Any aircraft that takes off and lands vertically must contend with the extremely high-power requirement of hovering flight. The drive toward compactness exacerbates the problem. A vision of urban “vertiports” analogous to rooftop taxi stands assumes air cabs will be more similar in footprint to automobiles than to helicopters, but small rotors are invariably less efficient than large ones and, for many of the same reasons, noisier. The Lilium concept takes the small-rotor philosophy to an extreme, with 36 8-inch multiblade, ducted-fan thrusters arrayed in rows along the trailing edges of its wing and foreplane. Each must produce 100 pounds of thrust to lift the 3,300-pound five-seater. It is perhaps not accidental that the website’s flight video is unaccompanied by sound.

    Joby Aviation’s design is more in the mainstream, with six tilting rotors that appear to be 7 feet or so in diameter, while Archer’s Maker uses 12 rotors mounted on the ends of six hideous sausages attached to the underside of an otherwise graceful wing. The ingenuity of the Archer design is that the multiblade front rotors tilt for cruise, while the two-blade rear ones stop turning and align themselves with the direction of flight for minimum drag.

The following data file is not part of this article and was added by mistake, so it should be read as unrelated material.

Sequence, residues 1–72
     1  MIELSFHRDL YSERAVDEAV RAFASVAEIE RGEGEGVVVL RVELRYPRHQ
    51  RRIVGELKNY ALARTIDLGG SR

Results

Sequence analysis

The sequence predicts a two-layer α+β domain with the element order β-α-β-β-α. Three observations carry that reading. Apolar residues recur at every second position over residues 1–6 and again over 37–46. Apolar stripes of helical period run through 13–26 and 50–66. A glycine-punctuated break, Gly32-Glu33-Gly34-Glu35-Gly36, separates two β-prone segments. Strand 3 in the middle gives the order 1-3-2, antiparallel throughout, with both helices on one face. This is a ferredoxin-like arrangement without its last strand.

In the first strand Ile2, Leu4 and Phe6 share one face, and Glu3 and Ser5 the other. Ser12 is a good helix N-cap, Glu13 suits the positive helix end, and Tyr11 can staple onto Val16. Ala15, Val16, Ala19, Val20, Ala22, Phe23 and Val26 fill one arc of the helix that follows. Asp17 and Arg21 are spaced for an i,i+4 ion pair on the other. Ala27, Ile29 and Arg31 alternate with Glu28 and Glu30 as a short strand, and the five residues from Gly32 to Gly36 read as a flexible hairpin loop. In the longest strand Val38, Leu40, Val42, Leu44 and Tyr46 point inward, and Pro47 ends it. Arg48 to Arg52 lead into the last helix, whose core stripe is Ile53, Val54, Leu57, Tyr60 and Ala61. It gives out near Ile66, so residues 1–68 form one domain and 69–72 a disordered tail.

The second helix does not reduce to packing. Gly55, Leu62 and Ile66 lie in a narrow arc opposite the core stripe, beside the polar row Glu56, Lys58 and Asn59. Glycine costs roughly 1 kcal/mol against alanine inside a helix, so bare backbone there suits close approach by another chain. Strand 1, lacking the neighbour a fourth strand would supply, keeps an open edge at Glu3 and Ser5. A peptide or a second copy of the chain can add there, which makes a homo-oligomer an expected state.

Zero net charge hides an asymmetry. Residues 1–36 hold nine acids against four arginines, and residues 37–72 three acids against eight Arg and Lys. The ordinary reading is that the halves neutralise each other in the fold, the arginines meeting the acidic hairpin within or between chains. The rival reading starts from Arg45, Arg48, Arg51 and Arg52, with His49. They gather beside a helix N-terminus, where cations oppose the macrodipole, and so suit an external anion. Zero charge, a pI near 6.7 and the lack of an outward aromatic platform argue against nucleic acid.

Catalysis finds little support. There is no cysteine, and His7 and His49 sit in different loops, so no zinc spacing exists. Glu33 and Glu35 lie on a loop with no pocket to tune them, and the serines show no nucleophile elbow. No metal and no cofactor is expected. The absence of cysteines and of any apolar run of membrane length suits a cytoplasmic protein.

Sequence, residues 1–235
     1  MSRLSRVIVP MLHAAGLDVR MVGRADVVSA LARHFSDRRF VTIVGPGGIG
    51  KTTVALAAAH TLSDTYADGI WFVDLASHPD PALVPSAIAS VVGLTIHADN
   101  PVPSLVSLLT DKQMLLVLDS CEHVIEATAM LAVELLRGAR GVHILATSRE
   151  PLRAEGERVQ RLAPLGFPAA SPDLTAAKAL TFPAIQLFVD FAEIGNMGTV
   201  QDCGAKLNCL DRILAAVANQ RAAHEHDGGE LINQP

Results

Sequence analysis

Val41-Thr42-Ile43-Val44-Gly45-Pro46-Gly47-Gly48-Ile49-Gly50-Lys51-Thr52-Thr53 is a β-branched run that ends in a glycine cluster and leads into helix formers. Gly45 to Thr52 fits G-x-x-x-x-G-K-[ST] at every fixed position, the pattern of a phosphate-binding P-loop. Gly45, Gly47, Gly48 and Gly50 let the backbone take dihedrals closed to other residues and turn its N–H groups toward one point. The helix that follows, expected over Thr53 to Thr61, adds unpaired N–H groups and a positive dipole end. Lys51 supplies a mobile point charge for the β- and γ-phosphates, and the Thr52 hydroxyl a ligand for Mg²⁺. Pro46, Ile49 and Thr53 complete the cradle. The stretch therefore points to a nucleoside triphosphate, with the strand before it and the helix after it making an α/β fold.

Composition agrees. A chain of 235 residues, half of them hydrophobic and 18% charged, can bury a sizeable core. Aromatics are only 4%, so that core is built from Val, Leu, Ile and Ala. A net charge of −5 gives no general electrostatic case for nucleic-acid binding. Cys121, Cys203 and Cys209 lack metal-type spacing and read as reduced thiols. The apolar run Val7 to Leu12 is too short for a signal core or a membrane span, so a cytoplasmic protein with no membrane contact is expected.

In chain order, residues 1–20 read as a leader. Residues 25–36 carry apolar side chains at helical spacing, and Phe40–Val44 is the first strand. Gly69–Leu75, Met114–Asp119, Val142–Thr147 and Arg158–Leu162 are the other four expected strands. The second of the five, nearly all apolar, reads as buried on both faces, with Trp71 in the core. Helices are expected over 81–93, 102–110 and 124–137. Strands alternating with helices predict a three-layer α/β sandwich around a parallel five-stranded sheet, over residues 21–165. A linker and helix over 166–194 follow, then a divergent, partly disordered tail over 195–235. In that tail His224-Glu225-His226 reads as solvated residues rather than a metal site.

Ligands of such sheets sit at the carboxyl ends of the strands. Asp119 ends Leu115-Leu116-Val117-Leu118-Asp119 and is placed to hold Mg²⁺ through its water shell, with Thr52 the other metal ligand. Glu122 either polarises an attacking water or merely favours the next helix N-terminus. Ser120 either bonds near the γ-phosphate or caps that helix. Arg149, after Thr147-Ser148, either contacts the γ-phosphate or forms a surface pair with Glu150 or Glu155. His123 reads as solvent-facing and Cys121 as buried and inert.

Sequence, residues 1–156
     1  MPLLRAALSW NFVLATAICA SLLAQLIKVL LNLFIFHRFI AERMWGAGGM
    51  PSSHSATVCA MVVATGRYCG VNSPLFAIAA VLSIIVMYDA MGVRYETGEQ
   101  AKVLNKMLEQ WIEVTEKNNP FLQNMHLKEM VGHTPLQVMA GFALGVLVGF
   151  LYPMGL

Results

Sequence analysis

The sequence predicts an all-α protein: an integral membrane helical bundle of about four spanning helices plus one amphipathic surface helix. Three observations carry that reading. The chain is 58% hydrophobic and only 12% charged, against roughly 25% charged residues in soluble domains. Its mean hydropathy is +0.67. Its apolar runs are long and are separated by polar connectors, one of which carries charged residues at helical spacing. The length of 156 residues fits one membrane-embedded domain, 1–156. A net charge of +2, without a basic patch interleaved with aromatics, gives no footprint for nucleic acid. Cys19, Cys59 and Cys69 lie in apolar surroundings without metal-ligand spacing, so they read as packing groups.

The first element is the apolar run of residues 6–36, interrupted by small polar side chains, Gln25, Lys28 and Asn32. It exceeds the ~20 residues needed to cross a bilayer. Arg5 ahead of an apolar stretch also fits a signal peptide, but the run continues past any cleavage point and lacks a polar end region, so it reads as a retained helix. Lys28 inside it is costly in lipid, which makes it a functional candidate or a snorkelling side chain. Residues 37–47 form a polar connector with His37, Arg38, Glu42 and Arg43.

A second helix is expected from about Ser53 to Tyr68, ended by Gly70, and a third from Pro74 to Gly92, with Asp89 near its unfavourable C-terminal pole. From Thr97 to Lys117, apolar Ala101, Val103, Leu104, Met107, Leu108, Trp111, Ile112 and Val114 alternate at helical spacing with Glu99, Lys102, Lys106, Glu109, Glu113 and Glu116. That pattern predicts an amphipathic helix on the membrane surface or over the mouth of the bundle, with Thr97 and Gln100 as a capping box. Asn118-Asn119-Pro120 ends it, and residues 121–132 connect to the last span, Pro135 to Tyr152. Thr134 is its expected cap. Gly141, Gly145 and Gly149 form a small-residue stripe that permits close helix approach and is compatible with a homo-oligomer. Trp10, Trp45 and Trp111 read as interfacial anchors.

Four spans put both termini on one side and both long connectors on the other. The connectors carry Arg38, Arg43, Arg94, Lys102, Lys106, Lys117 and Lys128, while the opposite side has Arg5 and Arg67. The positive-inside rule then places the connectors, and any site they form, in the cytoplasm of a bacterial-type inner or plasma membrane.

For some reason, both the Lilium and Archer style themselves “jets.” Neither is a jet in any meaningful sense. I suppose the Lilium, at least, can get away with it because its propellers are hidden inside tubes. Or maybe, among the uninformed, “jet” is synonymous with “airplane,” only sexier.

    The air traffic control aspects of swarms of air cabs delivering people from, say, central London to Heathrow in a dense fog seem pretty daunting, but not a day goes by without a new PDF in my email inbox proposing algorithms for autonomous collision avoidance in swarms. Fish do it, birds and fruit flies do it, so why shouldn’t we? There may be some difficulty, however, sequencing the arrivals and departures, within a limited surface area, of air cabs whose ability to loiter in the air might be limited to few minutes and whose battery will take much longer to recharge than its cabin takes to refill.

    One of the least plausible claims made for this class of aircraft is that a ride in one will be comparable in cost to the same trip in a Lyft. Fat chance. The promoters of novel technologies are not under oath, but one look at a Joby should disabuse you of any notion that its acquisition and maintenance costs could resemble those of a Prius.

    Are electric air cabs the next big thing, or are they just giant pumps for sucking up venture capital? Are they iPhones or Segways? Time will tell, but don’t give up on fossil-fuel-powered helicopters just yet.